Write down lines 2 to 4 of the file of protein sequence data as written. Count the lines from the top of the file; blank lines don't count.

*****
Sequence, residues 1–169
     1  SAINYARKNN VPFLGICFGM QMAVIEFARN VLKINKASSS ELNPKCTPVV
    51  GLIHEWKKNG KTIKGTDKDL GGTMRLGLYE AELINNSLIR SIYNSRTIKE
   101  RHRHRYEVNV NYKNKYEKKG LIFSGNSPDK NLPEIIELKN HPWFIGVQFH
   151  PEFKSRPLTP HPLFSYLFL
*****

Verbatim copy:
     1  SAINYARKNN VPFLGICFGM QMAVIEFARN VLKINKASSS ELNPKCTPVV
    51  GLIHEWKKNG KTIKGTDKDL GGTMRLGLYE AELINNSLIR SIYNSRTIKE
   101  RHRHRYEVNV NYKNKYEKKG LIFSGNSPDK NLPEIIELKN HPWFIGVQFH